The facts of the case are well known to the parties and have been discussed in previous opinions issued by this Court and the court of appeals. See Cahoo v. SAS Inst. Inc. , 322 F. Supp. 3d 772, 785-89 (E.D. Mich. 2018), aff'd in part, rev'd in part and remanded sub nom. Cahoo v. SAS Analytics Inc. , 912 F.3d 887 (6th Cir. 2019). The dispute focuses on an automated fraud detection computer application that the UIA implemented sometime around 2013 known as MiDAS, which stands for the Michigan Integrated Data Automated System. MiDAS was developed to search for discrepancies in the records of unemployment compensation recipients, automatically determine whether the claimants committed fraud, and execute collection proceedings, which included intercepting tax refunds and garnishing wages. Auto-adjudication is a process that starts with the automated generation of a flag, then leads to the automated generation of questionnaires, then to an automated determination based on logic trees, followed by an automated generation of a notice of fraud determination, then automated collection activity.

MiDAS, by no means a marvel of artificial intelligence, operated on automated "logic trees." It adjudicated fraud in "stages," which included "created," "opened," "pending fact finding," "determination issued," and "issue closed." If the word "batch" appeared next to any stage, it signified that MiDAS had changed the status automatically. A human could perform any of these stages, except for the generation of the fraud questionnaire. But human involvement could only be established if a staff member edited the file, which could be seen in the system.

When MiDAS detected some discrepancy between employer-paid wages and employee-claimed eligibility, it automatically issued questionnaires to the claimant. Failure to respond timely to a questionnaire (10 days for "green" claimants and 14 days for those corresponding via paper) resulted in a default determination that the claimant knowingly and intentionally misrepresented or concealed information to receive benefits unlawfully. When a claimant did respond to the questionnaire, MiDAS's programming, based on its logic trees, found intentional fraud whenever a claimant chose certain multiple-choice options on the form, even if she indicated that she did not intentionally provide false information. MiDAS had no programming that permitted it to determine whether a claimant intentionally misled the UIA or concealed information.

MiDAS made an automated fraud determination, usually at night, based on the UIA's logic trees. Staff members could also make the fraud determinations based on the same logic trees. In either instance, the case would be staged from "pending adjudication" to "determination issued" to "issue closed," and the name of whoever made the decision would appear beside the stages on the "Nonmonetary Issue" screen. MiDAS would then automatically issue a notice of determination.

Once a default fraud determination was made, MiDAS automatically issued three notices: a primary "Notice of Determination" (Form 1302), which explained why the UIA believed it overpaid (e.g., a claimant quitting a job voluntarily) but not its reasoning for why it believed the plaintiff's alleged misrepresentation was intentional; another "Notice of Determination" (also Form 1302), which generally informed the claimant that his or her actions misled or concealed information to obtain benefits and announced that benefits were terminated on any active claims; and a "List of Overpayments," which demanded payment of actual benefits overpaid as well as a statutory penalty for fraudulent misrepresentation of two-to-four times that amount, depending on whether the value of improper payments equaled or exceeded $500. Confusingly, the first two notices have the same title and same form numbers, but different contents.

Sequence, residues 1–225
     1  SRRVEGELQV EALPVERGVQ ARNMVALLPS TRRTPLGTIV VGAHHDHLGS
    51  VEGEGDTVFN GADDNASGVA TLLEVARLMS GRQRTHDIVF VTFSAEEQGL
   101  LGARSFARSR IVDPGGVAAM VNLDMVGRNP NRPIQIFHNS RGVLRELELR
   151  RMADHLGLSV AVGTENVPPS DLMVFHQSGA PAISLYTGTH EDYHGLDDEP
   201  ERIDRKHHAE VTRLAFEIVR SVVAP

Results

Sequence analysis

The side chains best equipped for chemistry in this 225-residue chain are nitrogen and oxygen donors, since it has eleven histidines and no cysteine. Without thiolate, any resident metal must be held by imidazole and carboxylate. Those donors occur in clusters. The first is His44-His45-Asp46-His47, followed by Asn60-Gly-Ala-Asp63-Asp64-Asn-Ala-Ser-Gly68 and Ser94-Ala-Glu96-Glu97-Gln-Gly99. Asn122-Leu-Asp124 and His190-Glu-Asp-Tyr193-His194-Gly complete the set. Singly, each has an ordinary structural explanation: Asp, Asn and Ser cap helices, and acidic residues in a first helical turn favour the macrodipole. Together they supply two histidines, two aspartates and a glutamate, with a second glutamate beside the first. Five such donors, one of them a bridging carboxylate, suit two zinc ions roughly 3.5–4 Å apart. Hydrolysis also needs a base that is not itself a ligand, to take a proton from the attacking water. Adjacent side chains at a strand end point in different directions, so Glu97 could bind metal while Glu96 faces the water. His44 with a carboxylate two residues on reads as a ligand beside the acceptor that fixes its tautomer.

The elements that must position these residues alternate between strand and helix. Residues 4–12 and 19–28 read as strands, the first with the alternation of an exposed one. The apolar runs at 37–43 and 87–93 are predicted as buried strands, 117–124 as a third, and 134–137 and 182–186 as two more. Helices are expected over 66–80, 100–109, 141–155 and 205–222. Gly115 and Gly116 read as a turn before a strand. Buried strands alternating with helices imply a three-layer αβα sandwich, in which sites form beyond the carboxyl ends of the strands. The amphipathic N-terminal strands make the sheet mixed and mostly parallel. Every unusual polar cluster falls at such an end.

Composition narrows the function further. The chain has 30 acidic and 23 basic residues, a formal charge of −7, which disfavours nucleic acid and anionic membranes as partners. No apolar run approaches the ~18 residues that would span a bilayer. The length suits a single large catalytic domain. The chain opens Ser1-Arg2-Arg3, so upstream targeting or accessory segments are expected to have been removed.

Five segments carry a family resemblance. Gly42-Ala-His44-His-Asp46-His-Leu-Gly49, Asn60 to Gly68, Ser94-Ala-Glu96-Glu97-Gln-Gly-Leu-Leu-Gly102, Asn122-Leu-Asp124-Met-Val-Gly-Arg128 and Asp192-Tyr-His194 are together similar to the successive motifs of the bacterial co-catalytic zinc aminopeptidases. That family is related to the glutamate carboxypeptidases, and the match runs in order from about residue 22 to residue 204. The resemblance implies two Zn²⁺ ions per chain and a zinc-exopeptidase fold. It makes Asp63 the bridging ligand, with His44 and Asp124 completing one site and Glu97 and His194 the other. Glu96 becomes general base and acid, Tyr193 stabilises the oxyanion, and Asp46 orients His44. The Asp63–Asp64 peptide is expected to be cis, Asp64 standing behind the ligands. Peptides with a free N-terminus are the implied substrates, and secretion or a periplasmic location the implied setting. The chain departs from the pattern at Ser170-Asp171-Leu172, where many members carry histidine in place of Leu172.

The primary determination notices indicated that claimants were entitled to appeal a determination of fraud to an Administrative Law Judge (ALJ) within 30 days. But the notices did not inform claimants about their abilities to file late appeals for good cause. And because of errors in notifying claimants, many claimants did not become aware of their assessments until after the appeal deadlines passed.

If a claimant did not appeal the determination within 30 days, MiDAS automatically issued a letter (Form 1088) demanding that the claimant pay restitution, a penalty, and accrued interest. If a claimant failed to pay the charges voluntarily, MiDAS issued tax refund intercepts to the IRS and State of Michigan. And if intercepting a claimant's tax returns did not satisfy the claimant's debt, the UIA then garnished his or her wages.

In August 2015, the UIA...

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2 cases
  • Cahoo v. Fast Enters. LLC
    • United States
    • U.S. District Court — Eastern District of Michigan
    • January 18, 2022
    ...summary judgment, Cahoo v. Fast Enterprises LLC , 528 F. Supp. 3d 719 (E.D. Mich. 2021), the opinion denying motions to dismiss, 508 F. Supp. 3d 162 (2020), and the opinion denying the motion to certify a class, 508 F. Supp. 3d 138 (E.D. Mich. 2020). Put briefly, on March 2, 2017 the plaint......
  • Cahoo v. Fast Enters. LLC
    • United States
    • U.S. District Court — Eastern District of Michigan
    • December 22, 2020